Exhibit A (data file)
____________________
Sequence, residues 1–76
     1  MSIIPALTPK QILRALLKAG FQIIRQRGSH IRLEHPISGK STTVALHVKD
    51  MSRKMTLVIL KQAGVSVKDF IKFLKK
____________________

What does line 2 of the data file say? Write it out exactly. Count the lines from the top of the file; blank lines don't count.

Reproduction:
     1  MSIIPALTPK QILRALLKAG FQIIRQRGSH IRLEHPISGK STTVALHVKD